Dear EarthTalk: How are the world’s penguins faring in this day and age of global warming? What can we do to help them? — Mitch McIntosh, Mt. Morris, IL
Not surprisingly, penguins — those cute and quirky flightless birds of the Southern Hemisphere that are loved by humans and have inspired countless films, books, comic strips and sports teams — are in deep trouble as a result of reckless human activity.
The nonprofit International Union for the Conservation of Nature (IUCN), which maintains the “Red List” of at-risk species around the world, considers five of the world’s 18 penguin species “endangered.” IUCN classifies five more penguin species as “vulnerable” and yet another five as “near threatened.” Only three species still exists in healthy enough numbers to qualify for IUCN’s “least concern” classification.
Penguins have evolved over millions of years and adapted to big ecosystem and climatic changes along the way, but they face their biggest challenges from threats posed by humans over just the last century.
One of the more dire threats to penguins is commercial fishing. “Overfishing and concentrated fishing efforts near penguin colonies for forage species such as Antarctic krill can make it more difficult for penguins to find nourishment…especially when fishing grounds overlap with the foraging grounds of penguins,” reports the Pew Charitable Trusts, a leading nonprofit with a focus on ocean conservation.
Meanwhile, predators and non-native invasive species introduced by humans are also taking their toll. According to Pew, several colonies of little penguins in Australia, for example, have been wiped out by non-indigenous dogs and foxes, while the Galápagos penguin has suffered big losses as a result of pathogen-borne illnesses introduced by non-native species and some natural bird migration.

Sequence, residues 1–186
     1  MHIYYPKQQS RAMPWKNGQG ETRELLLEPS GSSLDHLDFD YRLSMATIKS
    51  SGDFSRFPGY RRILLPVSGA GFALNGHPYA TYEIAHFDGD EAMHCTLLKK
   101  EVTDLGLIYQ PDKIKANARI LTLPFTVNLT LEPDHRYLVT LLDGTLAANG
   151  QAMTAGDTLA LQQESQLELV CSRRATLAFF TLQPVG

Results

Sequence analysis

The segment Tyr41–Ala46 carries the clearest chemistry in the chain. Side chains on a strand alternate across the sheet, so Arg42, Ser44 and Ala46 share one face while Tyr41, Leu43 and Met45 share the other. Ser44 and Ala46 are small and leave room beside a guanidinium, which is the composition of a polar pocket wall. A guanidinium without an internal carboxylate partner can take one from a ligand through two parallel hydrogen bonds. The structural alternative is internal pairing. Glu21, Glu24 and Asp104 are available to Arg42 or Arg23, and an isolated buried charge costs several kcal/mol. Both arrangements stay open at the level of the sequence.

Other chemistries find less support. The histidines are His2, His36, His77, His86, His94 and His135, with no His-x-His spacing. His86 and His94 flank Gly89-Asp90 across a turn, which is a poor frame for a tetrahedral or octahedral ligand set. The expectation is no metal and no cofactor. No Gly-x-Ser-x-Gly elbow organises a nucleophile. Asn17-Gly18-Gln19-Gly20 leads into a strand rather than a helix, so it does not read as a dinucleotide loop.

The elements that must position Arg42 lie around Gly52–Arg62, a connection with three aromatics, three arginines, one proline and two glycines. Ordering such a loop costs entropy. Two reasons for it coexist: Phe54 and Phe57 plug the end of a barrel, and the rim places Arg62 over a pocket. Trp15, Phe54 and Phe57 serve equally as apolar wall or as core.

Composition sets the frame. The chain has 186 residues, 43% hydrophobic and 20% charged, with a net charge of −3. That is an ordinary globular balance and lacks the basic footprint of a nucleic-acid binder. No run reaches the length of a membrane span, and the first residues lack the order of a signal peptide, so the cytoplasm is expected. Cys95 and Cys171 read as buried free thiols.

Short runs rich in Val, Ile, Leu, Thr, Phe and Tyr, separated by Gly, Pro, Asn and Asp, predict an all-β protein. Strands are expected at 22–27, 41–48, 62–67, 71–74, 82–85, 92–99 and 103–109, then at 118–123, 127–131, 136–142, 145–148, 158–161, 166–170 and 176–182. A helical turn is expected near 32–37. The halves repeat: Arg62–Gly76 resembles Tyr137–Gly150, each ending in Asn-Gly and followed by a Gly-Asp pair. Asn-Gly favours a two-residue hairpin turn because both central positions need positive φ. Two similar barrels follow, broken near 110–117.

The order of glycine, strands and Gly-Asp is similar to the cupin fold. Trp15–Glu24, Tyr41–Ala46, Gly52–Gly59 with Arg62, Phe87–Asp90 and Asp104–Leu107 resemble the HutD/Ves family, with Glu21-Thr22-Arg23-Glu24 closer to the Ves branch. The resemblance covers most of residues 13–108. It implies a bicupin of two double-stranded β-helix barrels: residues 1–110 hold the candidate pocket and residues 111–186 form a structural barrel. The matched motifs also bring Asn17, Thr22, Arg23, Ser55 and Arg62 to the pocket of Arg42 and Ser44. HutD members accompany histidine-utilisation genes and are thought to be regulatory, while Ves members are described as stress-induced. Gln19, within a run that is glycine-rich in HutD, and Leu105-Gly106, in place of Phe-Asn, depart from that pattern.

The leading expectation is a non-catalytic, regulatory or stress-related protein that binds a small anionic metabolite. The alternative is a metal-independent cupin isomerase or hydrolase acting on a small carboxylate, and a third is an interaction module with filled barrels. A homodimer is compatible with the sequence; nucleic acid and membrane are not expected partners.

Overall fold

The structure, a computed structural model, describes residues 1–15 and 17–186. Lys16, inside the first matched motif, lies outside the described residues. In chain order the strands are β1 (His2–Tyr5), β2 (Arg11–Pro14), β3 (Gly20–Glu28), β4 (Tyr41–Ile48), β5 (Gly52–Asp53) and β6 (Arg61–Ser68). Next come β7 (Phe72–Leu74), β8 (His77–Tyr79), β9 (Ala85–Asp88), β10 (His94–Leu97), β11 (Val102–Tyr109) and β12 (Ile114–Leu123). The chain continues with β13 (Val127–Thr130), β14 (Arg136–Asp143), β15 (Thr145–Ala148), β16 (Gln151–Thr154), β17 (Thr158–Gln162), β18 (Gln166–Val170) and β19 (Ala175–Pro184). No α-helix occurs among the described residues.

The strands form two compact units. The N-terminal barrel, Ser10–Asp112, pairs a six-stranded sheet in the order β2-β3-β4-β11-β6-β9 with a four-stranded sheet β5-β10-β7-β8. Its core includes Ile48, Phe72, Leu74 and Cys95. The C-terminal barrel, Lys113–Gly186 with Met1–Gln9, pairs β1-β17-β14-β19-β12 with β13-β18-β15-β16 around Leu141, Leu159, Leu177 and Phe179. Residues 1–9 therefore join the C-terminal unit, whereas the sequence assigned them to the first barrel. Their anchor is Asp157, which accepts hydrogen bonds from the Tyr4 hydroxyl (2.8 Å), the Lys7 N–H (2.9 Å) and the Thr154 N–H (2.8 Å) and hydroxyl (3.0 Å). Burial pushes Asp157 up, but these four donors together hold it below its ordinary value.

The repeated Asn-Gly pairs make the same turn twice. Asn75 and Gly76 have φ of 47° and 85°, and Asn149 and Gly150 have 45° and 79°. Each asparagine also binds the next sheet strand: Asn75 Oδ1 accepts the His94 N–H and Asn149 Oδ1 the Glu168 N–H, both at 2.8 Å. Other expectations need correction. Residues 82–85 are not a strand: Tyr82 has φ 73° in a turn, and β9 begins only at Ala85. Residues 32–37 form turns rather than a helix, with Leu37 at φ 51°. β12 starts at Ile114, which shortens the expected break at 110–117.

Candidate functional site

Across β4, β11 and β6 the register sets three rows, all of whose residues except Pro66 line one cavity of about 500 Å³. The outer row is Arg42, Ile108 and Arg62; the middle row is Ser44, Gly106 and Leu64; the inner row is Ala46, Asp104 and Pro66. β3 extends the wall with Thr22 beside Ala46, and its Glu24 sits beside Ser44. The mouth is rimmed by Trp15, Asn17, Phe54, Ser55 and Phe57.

Yet, another threat is habitat destruction. “Tourism-related pressures, such as foot traffic and litter, can encroach on penguin colonies and nesting sites,” says Pew. “Oil spills have had severe effects on the health of individual colonies of penguins as well as their foraging habitats.”
And climate change — with its resulting melting of vast sheets of sea ice — could well be the greatest threat to already struggling penguin populations. “Ice plays a crucial role in the breeding process for several species of Antarctic penguins and also provides a place for penguins to rest and to avoid predators during long foraging trips,” reports Pew. “The loss of sea ice along the Antarctic Peninsula is contributing to reductions in the abundance of Antarctic krill, a favorite food of several penguin species.”
But according to Pew, the situation isn’t completely hopeless. The creation of more marine reserves where penguins can thrive without the stresses of overfishing and other human activity is a big step in the right direction. Pew is also pushing for better fisheries management in order to increase food sources for penguins and other marine wildlife dependent on nutrients further down the food chain, and also for a reduction in the number of introduced predators and invasive species.
According to Pew, the penguins’ plight is a portent of larger environmental concerns: “These birds are sentinels for the health of the entire sea. Changes to their populations can indicate trouble for other species that depend on these waters for survival.”
Contacts: IUCN, www.iucn.org; Pew Charitable Trusts, www.pewtrusts.org. Photo above: The Northern Rockhopper is one of five penguin species classified as “Endangered” by IUCN. Credit: Jan Veenstra, FlickrCC.